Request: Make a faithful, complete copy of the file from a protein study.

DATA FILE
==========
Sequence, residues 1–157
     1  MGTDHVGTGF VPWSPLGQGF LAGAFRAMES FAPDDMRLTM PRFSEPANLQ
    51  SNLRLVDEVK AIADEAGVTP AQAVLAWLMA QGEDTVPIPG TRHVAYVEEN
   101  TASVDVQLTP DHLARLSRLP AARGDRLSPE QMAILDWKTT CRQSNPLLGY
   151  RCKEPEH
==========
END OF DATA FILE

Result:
Sequence, residues 1–157
     1  MGTDHVGTGF VPWSPLGQGF LAGAFRAMES FAPDDMRLTM PRFSEPANLQ
    51  SNLRLVDEVK AIADEAGVTP AQAVLAWLMA QGEDTVPIPG TRHVAYVEEN
   101  TASVDVQLTP DHLARLSRLP AARGDRLSPE QMAILDWKTT CRQSNPLLGY
   151  RCKEPEH